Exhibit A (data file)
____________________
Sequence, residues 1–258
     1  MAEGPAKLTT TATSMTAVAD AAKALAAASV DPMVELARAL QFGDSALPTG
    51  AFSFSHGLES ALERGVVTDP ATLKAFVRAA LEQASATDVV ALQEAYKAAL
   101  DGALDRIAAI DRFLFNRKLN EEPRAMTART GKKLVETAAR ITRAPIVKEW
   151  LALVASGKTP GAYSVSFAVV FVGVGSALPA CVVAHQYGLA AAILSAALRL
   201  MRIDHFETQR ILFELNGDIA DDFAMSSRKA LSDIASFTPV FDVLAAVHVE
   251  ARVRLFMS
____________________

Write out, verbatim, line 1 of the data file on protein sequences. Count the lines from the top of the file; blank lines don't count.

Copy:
Sequence, residues 1–258